Barack Obama is bored. You can see it in his demeanor and in his face, the way anticipation becomes melancholy. Most of all you can hear it in his voice when he steps up to make the speech that once sent audiences into frenzy. He's mailing it in (with postage due).
Being a messiah, a rock star, the Pied Piper of Hamelin, is of course hard work. Maybe we should cut the guy a break. You can't be Mick Jagger or Kanye West every day.
The president went to Illinois this week to make a speech about the economy and jobs that the White House hyped as something to remind everyone of William Jennings Bryan ("Cross of Gold") or at least Winston Churchill ("we shall fight in the fields and in the streets, we shall fight in the hills"). What everyone got was a speech to put Michelle to sleep. The president himself seemed to be dozing between the words 10 minutes into the speech.
The bad news is that this was the first in what the White House calls "a new series" of speeches, and a few of the president's favorite acolytes of the press and tube were called in to get a preview of what was coming once the president and his teleprompter arrived at Knox College. He may imagine he needs new speechwriters, but the speechwriters need new material.
Some of the speech the college kids got sounded almost like a valedictory. He doesn't talk about George W. as much as he once did; invoking Herbert Hoover wouldn't work, either, nor would invocations of the Panic of '93 (that president, Grover Cleveland, was a Democrat). The Panic of '73 would be a possibility, but recruiting a scapegoat from two centuries back, even a Republican, would be a stretch, even with Mr. Obama's gifts.
So he settled for a little fiction, beginning with the ritual and familiar attack on "the 1 percent," who before he arrived were devouring all the gravy amidst "a housing bubble, credit cards and a churning financial sector." That was the not-so-subtle George W. reference. "Now, today, five years after the start of the Great Recession, America has fought its way back. Together we saved the auto industry, took on a broken health care system. We invested in new American technologies to reverse our addiction to foreign oil. We doubled wind and solar power."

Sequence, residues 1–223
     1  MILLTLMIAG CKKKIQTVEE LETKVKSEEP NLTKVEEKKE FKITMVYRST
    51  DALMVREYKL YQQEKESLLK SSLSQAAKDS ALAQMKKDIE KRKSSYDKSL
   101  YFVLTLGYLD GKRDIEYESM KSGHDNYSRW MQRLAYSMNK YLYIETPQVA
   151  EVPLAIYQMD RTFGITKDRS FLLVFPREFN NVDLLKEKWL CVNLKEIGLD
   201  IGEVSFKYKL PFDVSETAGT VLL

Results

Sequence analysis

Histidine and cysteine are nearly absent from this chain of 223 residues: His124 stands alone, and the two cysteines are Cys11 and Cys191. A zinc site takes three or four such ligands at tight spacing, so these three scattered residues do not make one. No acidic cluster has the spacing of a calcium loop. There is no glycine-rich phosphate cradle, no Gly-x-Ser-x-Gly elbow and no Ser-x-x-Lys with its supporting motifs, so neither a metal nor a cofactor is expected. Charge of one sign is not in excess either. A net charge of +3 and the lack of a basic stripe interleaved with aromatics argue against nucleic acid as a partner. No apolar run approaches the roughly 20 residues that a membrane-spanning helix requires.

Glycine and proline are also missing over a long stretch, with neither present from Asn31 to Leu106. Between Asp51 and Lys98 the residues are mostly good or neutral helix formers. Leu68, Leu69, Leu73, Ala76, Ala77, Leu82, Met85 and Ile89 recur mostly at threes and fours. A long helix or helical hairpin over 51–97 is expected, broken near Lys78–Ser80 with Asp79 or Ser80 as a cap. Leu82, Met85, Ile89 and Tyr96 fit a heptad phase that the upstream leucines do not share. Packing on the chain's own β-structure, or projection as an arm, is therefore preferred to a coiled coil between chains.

This was a campaign speech that was gathering dust on a shelf in the White House basement, brought out for a president with nothing to say. He could have explained why his administration has not helped in the reversing of the addiction to foreign oil, or won't approve the Keystone pipeline that would make much of the oil from the Middle East unnecessary.
His remarks consumed an hour and six minutes, longer than all his State of the Union speeches save one; it only seemed longer than all the previous State of the Union speeches put together. There was more comment about length than about content. Long speeches, like long sermons, are always the sign that the bloviator doesn't have much to say but doesn't know how to turn his mouth off, and is determined to say it anyway. The sound of his voice is still sweet in his own ears.
There was the usual pie in the sky, but the whipped cream seemed to be going sour. He would "rebuild run-down neighborhoods" (like the neighborhoods he once promised to rebuild in Detroit), he would put every 4-year-old in a kindergarten (or whatever we're calling kindergarten this year), and he would offer "a vital support system for working parents," which smells like a promise to find a government baby sitter for every child, cost be darned.
Hard to believe, but Mr. Obama's second term has hardly begun. He reminded us that he's down to the last 1,200 days of his presidency. That no doubt seems a bittersweet number to him, but merely bitter for the rest of us.
In his boredom, he has divided the races in a remarkable way. A poll from The Wall Street Journal-NBC News finds that only 52 percent of white Americans think race relations are good, against 38 percent of blacks, down from 79 percent and 63 percent, respectively. The president's irresponsible exploitation of the George Zimmerman murder trial has driven those numbers down.
Playing with race in America is always irresponsible, even for a president. It's like smoking in a fireworks factory. That could be exciting, but boredom is better.
• Wesley Pruden is editor emeritus of The Washington Times.
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